Why a Nameless Woman Just Became Part of My Curriculum

faceless-woman2By Julie Rine, Minerva Local Education Association

When I first read the Stanford rape victim’s letter[1] to her rapist, Brock Turner, I considered using it in my classes next year. It is a testament to the power of good writing, to the importance of knowing how to be articulate and eloquent even when writing about an emotional issue.

Then I read more about Brock Turner’s shamefully light sentence of six months in a county jail. I read his father’s letter requesting leniency from the judge, citing the fact that Brock’s life “will now never be the one he dreamed about.”[2] I read the statement of support from his childhood friend, Leslie Rasmussen, who argued Brock isn’t really a rapist: “This is completely different from a woman getting kidnapped and raped as she is walking to her car in a parking lot. That is a rapist. These are not rapists. These are idiot boys and girls having too much to drink and not being aware of their surroundings and having clouded judgment.”[3] I got more and more livid. I’m no longer considering teaching this case to my students next year.

I am doing it. Because I don’t want any of them to be that woefully ignorant. I don’t want any of them to become a Brock or a victim to a Brock.

Leslie Rasmussen has since apologized, saying that she did not strongly enough acknowledge the severity of her friend’s actions. She added, “I fully understand the outrage over Brock’s sentencing and my statement. I can only say that I am committed to learning from this mistake.”[4]

I don’t want my students to learn from their mistakes when it comes to rape.

Brock-Turner-Mugshot-640x360I don’t want my students to think it is okay to blame alcohol for their own heinous actions. I don’t want my students to think they are entitled to take advantage of someone else sexually just because she had too much to drink. I don’t want my students to think that their money or athletic prowess or race gives them the right to take what they want, when they want it. I don’t want my students to think that just because a girl can’t say “no”, it means she is saying “yes”. I don’t want them to think that what a girl wears, where she goes, when she goes, or what she does when she gets there takes the place of consent in any way. I don’t want my students to think that rape doesn’t count if the victim can’t remember it or isn’t conscious during it. I don’t want my students to ever have to sit on the prosecution’s or the defense’s side at a rape trial. I don’t want to see any of my students’ photos, be it polished and professional or a mugshot, being shared over and over on social media in connection with a rape case. I don’t want any one of my students to wake up in a hospital, only to have to learn the facts of how she had been violated and assaulted, and to have to endure, as Turner’s victim describes, “multiple swabs inserted into…vagina and anus, needles for shots, pills… a Nikon pointed right into… spread legs”.[5] I don’t want my students to ever be on the receiving end of an open letter written by the Vice President of the United States that says, “I am filled with furious anger — both that this happened to you and that our culture is still so broken that you were ever put in the position of defending your own worth.”[6]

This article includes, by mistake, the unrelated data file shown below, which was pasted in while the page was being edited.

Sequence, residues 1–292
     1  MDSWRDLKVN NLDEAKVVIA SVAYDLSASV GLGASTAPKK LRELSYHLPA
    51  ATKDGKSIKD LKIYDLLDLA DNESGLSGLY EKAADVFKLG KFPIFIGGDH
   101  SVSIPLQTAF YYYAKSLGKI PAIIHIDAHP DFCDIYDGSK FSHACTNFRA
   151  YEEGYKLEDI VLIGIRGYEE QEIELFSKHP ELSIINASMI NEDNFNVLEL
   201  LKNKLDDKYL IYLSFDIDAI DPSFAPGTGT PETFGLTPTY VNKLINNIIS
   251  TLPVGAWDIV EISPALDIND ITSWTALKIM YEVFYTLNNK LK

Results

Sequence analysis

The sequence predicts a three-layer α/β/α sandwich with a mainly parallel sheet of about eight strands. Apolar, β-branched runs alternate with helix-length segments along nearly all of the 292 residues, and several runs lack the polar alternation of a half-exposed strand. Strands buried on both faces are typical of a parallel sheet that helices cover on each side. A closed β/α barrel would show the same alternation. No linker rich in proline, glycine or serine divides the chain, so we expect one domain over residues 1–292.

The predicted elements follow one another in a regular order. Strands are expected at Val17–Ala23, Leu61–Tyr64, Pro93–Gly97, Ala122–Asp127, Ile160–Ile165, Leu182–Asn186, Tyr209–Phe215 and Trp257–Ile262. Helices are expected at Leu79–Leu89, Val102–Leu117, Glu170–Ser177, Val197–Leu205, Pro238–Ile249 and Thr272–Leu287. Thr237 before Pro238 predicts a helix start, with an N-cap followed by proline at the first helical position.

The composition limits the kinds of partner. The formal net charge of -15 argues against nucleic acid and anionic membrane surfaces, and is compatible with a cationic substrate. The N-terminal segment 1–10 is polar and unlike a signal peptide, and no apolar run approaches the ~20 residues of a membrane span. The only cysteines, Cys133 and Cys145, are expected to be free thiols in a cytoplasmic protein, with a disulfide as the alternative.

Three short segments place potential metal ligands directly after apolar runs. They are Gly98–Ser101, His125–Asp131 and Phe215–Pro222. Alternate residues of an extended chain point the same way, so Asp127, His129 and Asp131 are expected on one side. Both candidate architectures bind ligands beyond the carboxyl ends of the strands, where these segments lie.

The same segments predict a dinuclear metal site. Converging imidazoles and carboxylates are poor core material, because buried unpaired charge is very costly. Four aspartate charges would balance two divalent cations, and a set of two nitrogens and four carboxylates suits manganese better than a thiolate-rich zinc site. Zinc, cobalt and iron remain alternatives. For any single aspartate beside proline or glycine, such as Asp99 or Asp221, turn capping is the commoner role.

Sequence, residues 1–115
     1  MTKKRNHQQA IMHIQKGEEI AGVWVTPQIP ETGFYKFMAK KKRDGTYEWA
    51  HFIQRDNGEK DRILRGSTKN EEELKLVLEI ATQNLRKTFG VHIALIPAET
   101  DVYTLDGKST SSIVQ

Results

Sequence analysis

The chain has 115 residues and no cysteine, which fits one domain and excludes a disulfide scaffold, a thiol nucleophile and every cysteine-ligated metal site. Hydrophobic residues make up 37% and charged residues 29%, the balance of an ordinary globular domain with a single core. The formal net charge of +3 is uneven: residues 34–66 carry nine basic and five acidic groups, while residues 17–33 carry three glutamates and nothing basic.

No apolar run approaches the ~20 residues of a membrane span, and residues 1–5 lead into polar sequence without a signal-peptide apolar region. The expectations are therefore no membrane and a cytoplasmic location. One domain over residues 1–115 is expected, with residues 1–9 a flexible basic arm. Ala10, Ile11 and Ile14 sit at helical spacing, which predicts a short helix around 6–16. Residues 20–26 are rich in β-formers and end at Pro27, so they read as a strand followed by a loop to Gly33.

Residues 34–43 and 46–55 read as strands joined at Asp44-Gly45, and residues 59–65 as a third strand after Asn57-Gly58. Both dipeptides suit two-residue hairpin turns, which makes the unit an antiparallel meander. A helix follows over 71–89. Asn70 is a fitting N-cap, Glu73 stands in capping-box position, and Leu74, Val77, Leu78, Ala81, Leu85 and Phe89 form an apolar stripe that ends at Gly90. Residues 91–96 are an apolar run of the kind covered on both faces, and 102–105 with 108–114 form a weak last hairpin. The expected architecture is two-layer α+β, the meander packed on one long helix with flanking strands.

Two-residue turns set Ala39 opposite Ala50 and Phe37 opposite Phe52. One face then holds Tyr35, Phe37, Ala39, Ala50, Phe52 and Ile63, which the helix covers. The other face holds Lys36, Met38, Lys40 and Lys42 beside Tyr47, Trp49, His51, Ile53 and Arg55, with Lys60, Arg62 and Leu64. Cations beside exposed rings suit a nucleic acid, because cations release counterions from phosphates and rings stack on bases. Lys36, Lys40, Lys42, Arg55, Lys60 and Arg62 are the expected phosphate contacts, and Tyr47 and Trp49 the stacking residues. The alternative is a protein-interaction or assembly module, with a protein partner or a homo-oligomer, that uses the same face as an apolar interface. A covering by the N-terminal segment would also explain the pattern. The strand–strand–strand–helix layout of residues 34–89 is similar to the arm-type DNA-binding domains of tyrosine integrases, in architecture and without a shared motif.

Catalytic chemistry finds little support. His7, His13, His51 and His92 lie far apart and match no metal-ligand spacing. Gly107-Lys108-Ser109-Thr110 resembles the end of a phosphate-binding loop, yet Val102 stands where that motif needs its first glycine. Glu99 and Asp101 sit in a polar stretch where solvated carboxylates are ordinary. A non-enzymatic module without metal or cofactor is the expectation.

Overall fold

I don’t want my students to use the writing skills I teach them to write a rape victim statement that goes viral because of its power and poignancy.